MedicalResearch.com Interview with: Elodie C. Warren, MPH Columbia University Mailman School of Public Health Graduate MedicalResearch.com: What is the background for this study? What are the main findings? Response: We know that the US has been experiencing an opioid crisis for the past two decades. And we know that among communities of color, rates of overdose deaths are continuing to increase, even though overall national rates decreased between 2017 and 2018. To better understand how the opioid crisis has differently affected racial/ethnic groups, we looked at how heroin treatment admissions changed over time by race/ethnicity, age, and sex. We found that there were stark differences when comparing non-Hispanic Black men and women to non-Hispanic White men and women. Importantly, our study suggests the existence of an aging cohort of Black men and women (likely including survivors of a heroin epidemic that hit urban areas more than 40 years ago) that continues to struggle with heroin addiction. This points to the need for targeted interventions in chronically underserved communities.  (more…)
Author Interviews, Brigham & Women's - Harvard, Heart Disease, Nature / 04.02.2021

MedicalResearch.com Interview with: Dr. Hugo Aerts, PhD Dana-Farber Cancer Institute Associate Professor, Brigham and Women's Hospital Harvard Medical School Director, Program for Artificial Intelligence in Medicine Brigham And Women's Hospital  MedicalResearch.com: Deep convolutional neural networks to predict cardiovascular risk from computed tomography  Response: Cardiovascular disease is the most common preventable cause of death in Europe and the United States. Effective lifestyle and pharmacological prevention is available, but identifying those who would benefit most remains an ongoing challenge. Hence, efforts are needed to further improve cardiovascular risk prediction and stratification on an individual basis. One of the strongest known predictors for adverse cardiovascular events is coronary artery calcification, which can be quantified on computed tomography (CT). The CT coronary calcium score is a measure of the burden of coronary atherosclerosis and is one of the most widely accepted measures of cardiovascular risk. Recent strides in artificial intelligence, deep learning in particular, have shown its viability in several medical applications such as medical diagnostic and imaging, risk management, or virtual assistants. A major advantage is that deep learning can automate complex assessments that previously could only be done by radiologists, but now is feasible at scale with a higher speed and lower cost. This makes deep learning a promising technology for automating cardiovascular event prediction from imaging. However, before clinical introduction can be considered, generalizability of these systems needs to be demonstrated as they need to be able to predict cardiovascular events of asymptomatic and symptomatic individuals across multiple clinical scenarios, and work robustly on data from multiple institutions. (more…)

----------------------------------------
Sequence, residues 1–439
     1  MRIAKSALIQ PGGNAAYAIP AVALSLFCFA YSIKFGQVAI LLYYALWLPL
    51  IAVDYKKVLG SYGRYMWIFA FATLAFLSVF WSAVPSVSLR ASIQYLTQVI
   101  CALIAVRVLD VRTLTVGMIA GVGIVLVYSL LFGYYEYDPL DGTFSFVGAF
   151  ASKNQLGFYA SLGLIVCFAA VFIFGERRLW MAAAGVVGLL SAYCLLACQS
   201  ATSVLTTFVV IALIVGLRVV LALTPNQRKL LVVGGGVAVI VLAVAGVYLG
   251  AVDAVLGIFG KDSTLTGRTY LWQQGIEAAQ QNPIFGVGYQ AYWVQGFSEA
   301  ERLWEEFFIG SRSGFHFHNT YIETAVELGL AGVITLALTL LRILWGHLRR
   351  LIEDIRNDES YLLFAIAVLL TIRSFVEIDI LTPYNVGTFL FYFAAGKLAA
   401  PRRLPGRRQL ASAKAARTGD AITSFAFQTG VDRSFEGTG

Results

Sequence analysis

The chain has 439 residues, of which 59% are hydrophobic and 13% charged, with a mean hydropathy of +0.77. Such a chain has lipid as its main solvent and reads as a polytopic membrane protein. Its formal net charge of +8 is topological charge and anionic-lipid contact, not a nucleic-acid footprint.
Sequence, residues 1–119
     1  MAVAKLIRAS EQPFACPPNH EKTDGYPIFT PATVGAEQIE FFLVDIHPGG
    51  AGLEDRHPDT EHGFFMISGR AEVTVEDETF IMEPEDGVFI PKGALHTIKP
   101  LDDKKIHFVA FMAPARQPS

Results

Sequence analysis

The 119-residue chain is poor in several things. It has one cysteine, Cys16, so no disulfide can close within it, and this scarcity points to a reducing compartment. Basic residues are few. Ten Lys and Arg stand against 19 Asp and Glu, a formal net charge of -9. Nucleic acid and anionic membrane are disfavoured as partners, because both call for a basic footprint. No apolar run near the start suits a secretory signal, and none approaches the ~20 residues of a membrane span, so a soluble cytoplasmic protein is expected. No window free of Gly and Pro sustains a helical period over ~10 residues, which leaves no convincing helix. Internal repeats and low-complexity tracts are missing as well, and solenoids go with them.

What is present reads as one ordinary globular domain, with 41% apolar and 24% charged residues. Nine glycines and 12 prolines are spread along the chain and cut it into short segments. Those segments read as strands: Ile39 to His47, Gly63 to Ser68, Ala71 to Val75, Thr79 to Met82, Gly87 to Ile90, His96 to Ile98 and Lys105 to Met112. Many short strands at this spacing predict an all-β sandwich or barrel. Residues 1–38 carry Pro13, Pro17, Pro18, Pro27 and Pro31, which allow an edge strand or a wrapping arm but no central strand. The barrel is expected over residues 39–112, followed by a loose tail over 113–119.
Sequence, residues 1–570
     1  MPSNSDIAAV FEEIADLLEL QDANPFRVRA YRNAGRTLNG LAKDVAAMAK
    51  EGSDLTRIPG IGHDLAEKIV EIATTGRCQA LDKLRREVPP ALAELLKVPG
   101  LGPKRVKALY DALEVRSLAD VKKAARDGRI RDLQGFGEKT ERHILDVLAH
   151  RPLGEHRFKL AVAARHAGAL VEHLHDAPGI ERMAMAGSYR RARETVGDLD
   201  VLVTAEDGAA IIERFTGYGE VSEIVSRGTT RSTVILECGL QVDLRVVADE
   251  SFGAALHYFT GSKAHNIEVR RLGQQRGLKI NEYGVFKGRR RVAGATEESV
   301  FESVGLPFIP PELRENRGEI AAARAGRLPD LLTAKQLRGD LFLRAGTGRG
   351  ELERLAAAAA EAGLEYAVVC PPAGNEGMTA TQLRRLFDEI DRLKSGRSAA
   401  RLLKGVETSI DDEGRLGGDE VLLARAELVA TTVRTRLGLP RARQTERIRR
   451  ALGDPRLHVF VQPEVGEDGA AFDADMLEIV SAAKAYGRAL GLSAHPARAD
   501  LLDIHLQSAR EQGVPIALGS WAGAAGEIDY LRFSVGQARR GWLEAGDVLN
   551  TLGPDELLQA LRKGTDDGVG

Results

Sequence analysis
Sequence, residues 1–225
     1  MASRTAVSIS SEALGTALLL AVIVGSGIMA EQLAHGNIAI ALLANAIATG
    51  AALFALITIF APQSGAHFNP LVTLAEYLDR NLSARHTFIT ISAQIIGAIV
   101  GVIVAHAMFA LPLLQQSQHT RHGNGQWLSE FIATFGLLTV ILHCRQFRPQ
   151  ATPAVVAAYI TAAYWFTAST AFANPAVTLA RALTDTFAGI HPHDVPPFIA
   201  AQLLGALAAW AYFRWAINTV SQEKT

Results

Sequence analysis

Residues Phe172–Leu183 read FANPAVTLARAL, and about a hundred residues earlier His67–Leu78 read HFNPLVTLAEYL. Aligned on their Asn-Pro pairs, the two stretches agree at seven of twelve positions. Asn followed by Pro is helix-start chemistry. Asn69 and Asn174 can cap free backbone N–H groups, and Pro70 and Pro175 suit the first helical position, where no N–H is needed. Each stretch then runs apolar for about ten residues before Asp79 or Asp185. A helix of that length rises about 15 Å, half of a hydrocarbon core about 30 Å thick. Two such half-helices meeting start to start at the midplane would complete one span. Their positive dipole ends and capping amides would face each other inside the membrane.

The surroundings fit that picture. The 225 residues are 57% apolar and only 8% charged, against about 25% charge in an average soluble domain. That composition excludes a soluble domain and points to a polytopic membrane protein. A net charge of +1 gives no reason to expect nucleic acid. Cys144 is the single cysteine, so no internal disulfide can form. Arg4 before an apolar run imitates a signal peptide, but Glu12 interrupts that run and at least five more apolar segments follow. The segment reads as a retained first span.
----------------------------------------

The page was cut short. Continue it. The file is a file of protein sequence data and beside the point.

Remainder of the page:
Author Interviews, COVID -19 Coronavirus, Heart Disease, JAMA, Social Issues, University of Pennsylvania / 02.02.2021

MedicalResearch.com Interview with: Sameed Khatana MD, MPH Instructor, Cardiovascular Medicine Perelman School of Medicine, University of Pennsylvania Physician, Philadelphia VA Medical Center  MedicalResearch.com: What is the background for this study? Response: After declining for decades, the fall in cardiovascular mortality rates in the US has started to slow down and rates may be rising in certain groups. This stagnation in mortality has been most start among middle-aged adults. These trends have occurred at the same time as growing economic inequality. Our analysis aimed to study the relationship between change in cardiovascular mortality rates between 2010 and 2017 for middle-aged adults across the US and change in economic prosperity levels. (more…)
Author Interviews, Brigham & Women's - Harvard, Cancer Research, COVID -19 Coronavirus, Prostate, Prostate Cancer, Surgical Research, Urology / 01.02.2021

MedicalResearch.com Interview with: David-Dan Nguyen Research Fellow | Center for Surgery and Public Health, Brigham and Women's Hospital MPH (Health Policy) Student | Harvard T.H. Chan School of Public Health Medical Student | McGill University MedicalResearch.com: What is the background for this study? Response: The COVID-19 pandemic has forced hospitals to delay the definitive treatment of cancers via surgery or radiation therapy. While previous evidence has shown that delaying the treatment of low-risk prostate cancer is not associated with worse outcomes, treatment delays for intermediate-risk and high-risk prostate cancer are more controversial. As such, we sought to determine if delays for these disease states negatively impacted oncological outcomes. (more…)
Author Interviews, Brain Injury, Exercise - Fitness, Gender Differences, Pediatrics, University of Pennsylvania / 30.01.2021